Online from: 1981
Subject Area: Industry and Public Sector Management
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|Title:||Matching rhetoric with reality: The challenge for Third Sector involvement in local governance|
|Author(s):||Matthew Jackson, (Centre for Local Economic Strategies (CLES), Manchester, UK)|
|Citation:||Matthew Jackson, (2010) "Matching rhetoric with reality: The challenge for Third Sector involvement in local governance", International Journal of Sociology and Social Policy, Vol. 30 Iss: 1/2, pp.17 - 31|
|Keywords:||Central government, Decision making, Local government, Rhetoric, Voluntary organizations|
|Article type:||Research paper|
|DOI:||10.1108/01443331011017010 (Permanent URL)|
|Publisher:||Emerald Group Publishing Limited|
Purpose – The purpose of this paper is to examine the mismatch between the language and rhetoric used by UK Central Government departments to promote particular policy options and initiatives and the experiences of Third Sector organisations engaged in such programmes. The paper provides an overview of policy development involving the Third Sector in the UK and seeks to provide a practice and political context to facilitate the analysis.
Design/methodology/approach – The paper draws upon empirical research undertaken with Third Sector and public sector agencies in specific initiatives in England. The methodology adopted includes an analysis both of the policy documents and official guidance notes provided as well as qualitative data drawn from interviews with key participants in the process.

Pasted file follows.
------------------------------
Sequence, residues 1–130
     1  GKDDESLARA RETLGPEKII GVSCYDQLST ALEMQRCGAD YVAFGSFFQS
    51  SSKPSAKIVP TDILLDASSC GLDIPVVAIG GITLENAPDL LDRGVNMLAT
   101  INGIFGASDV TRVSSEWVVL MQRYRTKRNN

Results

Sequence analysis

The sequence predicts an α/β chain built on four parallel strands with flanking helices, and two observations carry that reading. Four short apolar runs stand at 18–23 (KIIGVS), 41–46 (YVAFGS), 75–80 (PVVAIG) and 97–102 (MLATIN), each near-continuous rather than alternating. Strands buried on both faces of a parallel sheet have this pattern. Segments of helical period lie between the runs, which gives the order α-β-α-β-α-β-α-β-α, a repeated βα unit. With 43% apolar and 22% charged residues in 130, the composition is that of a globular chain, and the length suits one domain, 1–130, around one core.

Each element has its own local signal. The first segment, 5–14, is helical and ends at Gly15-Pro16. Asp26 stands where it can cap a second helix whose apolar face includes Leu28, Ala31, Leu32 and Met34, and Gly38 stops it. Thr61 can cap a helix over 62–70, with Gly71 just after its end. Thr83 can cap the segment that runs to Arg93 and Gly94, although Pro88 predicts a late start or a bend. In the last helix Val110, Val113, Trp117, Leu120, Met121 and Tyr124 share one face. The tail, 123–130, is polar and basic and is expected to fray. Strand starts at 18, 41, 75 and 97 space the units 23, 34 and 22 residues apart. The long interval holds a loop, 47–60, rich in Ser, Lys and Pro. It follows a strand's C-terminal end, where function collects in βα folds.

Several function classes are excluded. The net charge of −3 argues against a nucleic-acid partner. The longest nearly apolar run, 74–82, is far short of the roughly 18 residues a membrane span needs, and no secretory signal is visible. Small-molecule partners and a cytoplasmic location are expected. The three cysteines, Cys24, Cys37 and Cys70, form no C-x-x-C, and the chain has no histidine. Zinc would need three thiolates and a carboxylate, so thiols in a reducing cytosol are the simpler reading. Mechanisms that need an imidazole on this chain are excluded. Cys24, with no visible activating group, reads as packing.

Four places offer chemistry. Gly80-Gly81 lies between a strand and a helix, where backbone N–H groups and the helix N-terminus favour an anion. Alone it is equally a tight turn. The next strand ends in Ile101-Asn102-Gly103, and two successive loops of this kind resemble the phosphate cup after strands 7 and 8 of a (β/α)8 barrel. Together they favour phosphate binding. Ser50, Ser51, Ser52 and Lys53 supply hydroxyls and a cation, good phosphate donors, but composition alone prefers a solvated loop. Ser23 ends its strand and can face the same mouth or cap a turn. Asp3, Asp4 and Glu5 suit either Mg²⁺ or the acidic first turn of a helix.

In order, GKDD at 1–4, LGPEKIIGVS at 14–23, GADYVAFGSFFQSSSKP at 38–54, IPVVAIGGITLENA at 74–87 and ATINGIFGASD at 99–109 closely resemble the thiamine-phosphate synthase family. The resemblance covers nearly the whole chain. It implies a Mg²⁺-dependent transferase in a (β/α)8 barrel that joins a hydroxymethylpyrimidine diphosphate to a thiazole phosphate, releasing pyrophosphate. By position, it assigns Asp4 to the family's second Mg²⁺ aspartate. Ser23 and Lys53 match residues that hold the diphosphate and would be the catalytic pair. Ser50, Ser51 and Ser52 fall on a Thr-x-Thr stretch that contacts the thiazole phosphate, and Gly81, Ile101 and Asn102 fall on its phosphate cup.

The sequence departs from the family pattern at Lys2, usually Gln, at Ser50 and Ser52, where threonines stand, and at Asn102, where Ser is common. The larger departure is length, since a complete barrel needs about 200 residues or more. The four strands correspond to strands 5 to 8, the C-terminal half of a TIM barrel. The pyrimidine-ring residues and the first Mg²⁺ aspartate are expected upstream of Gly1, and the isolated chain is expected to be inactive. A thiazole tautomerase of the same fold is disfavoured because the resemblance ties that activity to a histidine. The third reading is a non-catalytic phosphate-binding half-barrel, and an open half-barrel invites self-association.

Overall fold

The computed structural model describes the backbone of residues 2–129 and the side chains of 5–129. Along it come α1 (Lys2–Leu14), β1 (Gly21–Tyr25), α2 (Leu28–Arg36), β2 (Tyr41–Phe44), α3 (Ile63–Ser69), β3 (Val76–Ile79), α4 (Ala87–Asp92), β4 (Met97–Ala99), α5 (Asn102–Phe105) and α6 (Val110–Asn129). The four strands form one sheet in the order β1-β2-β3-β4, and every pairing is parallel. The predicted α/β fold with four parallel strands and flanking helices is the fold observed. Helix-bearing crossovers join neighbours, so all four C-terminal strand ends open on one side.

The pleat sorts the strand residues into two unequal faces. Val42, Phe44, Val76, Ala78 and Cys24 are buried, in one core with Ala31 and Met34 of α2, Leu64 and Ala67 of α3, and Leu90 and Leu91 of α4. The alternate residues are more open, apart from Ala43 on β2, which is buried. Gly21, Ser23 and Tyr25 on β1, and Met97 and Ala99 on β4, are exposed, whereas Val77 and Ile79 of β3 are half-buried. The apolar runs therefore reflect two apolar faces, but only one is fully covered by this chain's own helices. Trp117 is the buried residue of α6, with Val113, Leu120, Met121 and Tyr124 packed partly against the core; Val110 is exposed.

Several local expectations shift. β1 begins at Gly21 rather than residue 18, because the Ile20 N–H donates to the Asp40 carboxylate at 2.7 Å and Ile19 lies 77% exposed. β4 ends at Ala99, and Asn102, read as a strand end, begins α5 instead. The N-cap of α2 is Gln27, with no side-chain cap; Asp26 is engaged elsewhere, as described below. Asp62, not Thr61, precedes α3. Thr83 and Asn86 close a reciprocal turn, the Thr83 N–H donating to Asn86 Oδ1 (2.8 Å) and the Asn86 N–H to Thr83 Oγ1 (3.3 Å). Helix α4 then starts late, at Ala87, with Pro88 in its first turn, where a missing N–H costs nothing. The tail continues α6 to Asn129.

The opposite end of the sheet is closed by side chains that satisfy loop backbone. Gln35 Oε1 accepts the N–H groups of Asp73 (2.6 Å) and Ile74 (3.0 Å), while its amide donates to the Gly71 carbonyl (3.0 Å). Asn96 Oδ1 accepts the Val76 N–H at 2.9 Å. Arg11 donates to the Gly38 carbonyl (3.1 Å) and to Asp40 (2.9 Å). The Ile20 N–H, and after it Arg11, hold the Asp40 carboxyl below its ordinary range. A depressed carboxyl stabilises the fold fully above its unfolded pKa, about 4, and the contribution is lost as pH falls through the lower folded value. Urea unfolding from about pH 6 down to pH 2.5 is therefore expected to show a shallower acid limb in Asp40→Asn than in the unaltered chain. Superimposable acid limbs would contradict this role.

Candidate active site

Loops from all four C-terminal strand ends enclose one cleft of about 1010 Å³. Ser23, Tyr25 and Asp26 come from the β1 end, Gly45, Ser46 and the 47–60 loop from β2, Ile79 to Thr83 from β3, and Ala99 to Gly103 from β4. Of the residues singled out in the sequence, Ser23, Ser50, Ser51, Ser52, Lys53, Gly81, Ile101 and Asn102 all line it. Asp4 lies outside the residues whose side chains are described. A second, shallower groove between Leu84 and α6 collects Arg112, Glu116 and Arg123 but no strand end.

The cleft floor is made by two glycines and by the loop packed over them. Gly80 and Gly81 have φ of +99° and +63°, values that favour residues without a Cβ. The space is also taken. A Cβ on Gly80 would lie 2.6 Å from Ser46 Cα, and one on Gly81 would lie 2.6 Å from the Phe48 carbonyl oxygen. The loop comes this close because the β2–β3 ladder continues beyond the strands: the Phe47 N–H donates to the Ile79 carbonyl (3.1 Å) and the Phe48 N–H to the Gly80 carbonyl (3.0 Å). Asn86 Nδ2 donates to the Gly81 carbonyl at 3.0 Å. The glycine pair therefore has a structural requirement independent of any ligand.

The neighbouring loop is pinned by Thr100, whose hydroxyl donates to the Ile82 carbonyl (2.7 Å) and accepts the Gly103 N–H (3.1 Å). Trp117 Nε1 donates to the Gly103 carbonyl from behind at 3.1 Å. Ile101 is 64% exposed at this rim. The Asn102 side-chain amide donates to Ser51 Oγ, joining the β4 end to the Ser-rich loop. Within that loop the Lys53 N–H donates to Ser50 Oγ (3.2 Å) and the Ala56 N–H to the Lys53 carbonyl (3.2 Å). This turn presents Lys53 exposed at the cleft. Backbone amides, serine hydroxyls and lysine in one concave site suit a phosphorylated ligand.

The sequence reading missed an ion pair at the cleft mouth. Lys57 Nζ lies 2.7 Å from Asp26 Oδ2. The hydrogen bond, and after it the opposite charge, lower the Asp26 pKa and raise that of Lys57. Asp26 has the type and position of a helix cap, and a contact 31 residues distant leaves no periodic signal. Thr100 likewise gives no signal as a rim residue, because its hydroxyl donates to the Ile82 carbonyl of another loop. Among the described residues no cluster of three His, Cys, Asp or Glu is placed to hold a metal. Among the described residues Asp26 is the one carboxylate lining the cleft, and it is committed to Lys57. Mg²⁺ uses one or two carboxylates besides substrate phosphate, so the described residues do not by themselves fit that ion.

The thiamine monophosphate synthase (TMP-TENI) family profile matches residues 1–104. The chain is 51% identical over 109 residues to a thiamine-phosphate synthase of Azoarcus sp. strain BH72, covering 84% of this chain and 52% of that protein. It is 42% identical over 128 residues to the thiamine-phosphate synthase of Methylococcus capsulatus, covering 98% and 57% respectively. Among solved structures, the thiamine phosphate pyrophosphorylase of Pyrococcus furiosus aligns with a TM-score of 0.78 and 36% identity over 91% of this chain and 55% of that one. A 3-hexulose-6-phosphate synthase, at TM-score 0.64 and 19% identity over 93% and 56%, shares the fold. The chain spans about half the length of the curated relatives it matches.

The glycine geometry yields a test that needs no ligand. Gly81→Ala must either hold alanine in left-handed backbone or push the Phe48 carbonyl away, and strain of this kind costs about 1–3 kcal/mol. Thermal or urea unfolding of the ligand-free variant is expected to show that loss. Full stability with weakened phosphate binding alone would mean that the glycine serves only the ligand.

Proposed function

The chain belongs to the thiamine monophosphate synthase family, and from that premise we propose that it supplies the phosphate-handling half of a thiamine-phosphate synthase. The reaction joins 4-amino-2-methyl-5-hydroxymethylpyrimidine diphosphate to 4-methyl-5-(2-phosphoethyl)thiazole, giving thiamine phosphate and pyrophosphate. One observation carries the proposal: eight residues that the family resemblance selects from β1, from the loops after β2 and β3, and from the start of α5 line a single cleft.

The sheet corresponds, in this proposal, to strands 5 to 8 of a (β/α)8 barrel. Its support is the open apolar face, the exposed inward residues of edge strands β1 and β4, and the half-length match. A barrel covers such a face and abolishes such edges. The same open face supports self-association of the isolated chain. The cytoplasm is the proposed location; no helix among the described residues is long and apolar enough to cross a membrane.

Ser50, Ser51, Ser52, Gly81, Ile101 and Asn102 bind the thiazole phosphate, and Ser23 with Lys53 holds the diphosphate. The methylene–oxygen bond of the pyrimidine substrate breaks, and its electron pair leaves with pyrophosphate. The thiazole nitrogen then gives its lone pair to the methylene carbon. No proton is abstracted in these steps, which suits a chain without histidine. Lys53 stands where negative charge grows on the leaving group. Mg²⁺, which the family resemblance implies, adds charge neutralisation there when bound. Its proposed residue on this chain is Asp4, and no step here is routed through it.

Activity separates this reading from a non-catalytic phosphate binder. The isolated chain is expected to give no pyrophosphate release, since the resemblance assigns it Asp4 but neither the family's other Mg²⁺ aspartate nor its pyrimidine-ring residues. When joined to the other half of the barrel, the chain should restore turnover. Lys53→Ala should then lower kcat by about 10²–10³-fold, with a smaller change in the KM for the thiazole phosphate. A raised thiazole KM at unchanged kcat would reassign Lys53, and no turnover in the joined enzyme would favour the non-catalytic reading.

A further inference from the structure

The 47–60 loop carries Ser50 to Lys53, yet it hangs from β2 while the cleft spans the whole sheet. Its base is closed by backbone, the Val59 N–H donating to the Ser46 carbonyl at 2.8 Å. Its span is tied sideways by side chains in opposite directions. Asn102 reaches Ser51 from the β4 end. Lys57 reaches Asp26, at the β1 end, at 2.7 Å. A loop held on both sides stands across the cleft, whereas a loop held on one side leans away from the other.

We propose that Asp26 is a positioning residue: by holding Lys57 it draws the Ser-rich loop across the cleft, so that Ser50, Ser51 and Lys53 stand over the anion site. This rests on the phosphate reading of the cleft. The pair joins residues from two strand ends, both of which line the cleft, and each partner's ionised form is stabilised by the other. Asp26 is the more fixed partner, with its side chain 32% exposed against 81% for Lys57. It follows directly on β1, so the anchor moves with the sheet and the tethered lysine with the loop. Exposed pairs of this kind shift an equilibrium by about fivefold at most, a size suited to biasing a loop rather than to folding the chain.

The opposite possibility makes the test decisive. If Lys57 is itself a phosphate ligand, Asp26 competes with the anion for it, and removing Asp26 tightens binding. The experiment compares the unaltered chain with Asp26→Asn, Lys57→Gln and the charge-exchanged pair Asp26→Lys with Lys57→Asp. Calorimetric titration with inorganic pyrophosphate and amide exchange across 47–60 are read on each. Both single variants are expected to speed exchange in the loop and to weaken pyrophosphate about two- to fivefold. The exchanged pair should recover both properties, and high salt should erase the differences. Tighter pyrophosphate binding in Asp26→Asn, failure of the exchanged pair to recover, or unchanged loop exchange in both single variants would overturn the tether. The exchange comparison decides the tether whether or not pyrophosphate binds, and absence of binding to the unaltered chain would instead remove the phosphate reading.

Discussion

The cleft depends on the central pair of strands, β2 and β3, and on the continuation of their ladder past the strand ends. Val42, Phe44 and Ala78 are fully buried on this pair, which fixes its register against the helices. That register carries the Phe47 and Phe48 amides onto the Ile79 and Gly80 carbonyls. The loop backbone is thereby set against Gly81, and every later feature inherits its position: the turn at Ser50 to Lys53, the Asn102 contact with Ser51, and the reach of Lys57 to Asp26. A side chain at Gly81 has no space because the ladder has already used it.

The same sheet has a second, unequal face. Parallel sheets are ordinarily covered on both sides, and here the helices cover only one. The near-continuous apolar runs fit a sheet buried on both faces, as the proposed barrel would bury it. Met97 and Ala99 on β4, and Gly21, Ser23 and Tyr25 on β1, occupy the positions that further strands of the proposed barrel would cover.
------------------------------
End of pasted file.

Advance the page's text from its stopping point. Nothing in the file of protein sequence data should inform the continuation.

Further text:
Findings – The paper observes that for both parties in the process the relationships/experience was uncomfortable. The diversity, size, ethos and shape of the Third Sector were not fully understood by public sector agencies and the implications of the governance and decision making processes were not fully grasped by either party.
Research limitations/implications – While the policy and practice implications are explicitly discussed in the paper it is rooted in the particular organisational structures/culture of the UK (and England in particular). While comparisons are possible they are to be found in the discussion on processes.
Practical implications – The paper adds to the analysis/understanding of the policy and practice relationship(s) between the Third Sector and central/local government and points to ways in which these relationships are likely to become more significant over time.
Originality/value – The paper adds to the literature on the Third Sector but is significant because of its focus on specific policy initiatives.
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